TomDispatch reminds us of the faces we constantly see in our media, pontificating about the glories of war:
Pentagon foreign policy is regularly seconded by a growing cadre of what might be called military intellectuals at think tanks scattered around Washington. Such figures, many of them qualifying as “warrior pundits” and “warrior journalists,” include: Michael O’Hanlon, senior fellow at the Brookings Institution; retired Lieutenant Colonel John Nagl, president of the Center for a New American Security and Petraeus adviser; former U.S. Army officer Andrew Exum, fellow at the Center for a New American Security, founder of the Abu Muqawama website, and a McChrystal advisor; former Australian infantry officer and Petraeus adviser David Kilcullen, non-resident senior fellow at the Center for a New American Security;Thomas Ricks, formerly of the Washington Post, author of the bestselling Iraq War books Fiasco and The Gamble, Petraeus admirer, and senior fellow at the same center; Frederick Kagan of the American Enterprise Institute, the man Gates credits with turning around his thinking on Afghanistan and a recent Petraeus hireein Afghanistan; Kimberley Kagan of the Institute for the Study of War, an adviser to both Petraeus and McChrystal; Kenneth Pollack, director of the Saban Center for Middle East Policy at the Brookings Institution; and Stephen Biddle, senior fellow for defense policy at the Council on Foreign Relations and another Petraeus as well as McChrystal adviser. These figures, and numerous others like them, are repeatedly invited to U.S. war zones by the military, flattered, toured, given face time with commanders, sometimes hired by them, and sometimes even given the sense that they are the ones planning our wars. They then return to Washington to offer sophisticated, “objective” versions of the military line.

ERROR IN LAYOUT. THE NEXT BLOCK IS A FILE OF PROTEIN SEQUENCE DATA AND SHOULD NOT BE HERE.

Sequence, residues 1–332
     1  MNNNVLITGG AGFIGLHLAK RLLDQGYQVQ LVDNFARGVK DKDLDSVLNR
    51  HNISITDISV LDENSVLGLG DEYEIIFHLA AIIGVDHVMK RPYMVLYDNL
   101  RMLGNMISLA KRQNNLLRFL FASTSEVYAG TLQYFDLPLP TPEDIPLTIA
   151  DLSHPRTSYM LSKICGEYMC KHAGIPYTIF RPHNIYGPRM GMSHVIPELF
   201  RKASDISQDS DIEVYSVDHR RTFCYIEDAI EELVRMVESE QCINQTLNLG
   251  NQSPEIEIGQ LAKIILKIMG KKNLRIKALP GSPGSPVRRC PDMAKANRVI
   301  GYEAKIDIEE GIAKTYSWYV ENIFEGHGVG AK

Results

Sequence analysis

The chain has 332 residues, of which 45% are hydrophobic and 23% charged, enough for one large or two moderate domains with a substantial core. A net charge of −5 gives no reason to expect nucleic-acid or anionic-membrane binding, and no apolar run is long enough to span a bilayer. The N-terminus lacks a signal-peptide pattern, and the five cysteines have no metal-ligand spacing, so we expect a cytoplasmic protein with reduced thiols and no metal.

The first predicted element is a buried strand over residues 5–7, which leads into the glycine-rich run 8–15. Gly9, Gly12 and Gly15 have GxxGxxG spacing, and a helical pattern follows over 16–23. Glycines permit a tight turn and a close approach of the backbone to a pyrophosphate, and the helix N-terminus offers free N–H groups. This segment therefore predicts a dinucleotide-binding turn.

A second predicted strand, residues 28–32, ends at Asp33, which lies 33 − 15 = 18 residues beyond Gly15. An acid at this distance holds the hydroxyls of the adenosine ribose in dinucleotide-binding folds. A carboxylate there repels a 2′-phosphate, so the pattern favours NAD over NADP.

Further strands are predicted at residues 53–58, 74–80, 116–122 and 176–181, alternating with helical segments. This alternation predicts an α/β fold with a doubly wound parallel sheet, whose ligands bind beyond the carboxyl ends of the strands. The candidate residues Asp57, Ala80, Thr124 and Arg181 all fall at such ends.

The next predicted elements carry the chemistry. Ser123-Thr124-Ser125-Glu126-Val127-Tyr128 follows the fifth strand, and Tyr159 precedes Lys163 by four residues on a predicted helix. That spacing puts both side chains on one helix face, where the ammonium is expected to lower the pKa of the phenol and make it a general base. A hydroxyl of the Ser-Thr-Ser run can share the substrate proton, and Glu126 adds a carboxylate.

Toss into this mix the former neocons who caused so much of the damage in the early Bush years and who regularly return at key moments as esteemed media “experts” (not the fools and knaves they were), including former Deputy Secretary of Defense Paul Wolfowitz, former head of the Coalition Provisional Authority (CPA) L. Paul Bremer III, and former senior advisor to the CPA Noah Feldman, among others. For them, being wrong means never having to say you’re sorry. And, of course, they and their thoughts are dealt with remarkably respectfully, while those who were against the Iraq War from the beginning remain scarce commodities on op-ed pages, as sources in news articles, and on the national radio and TV news.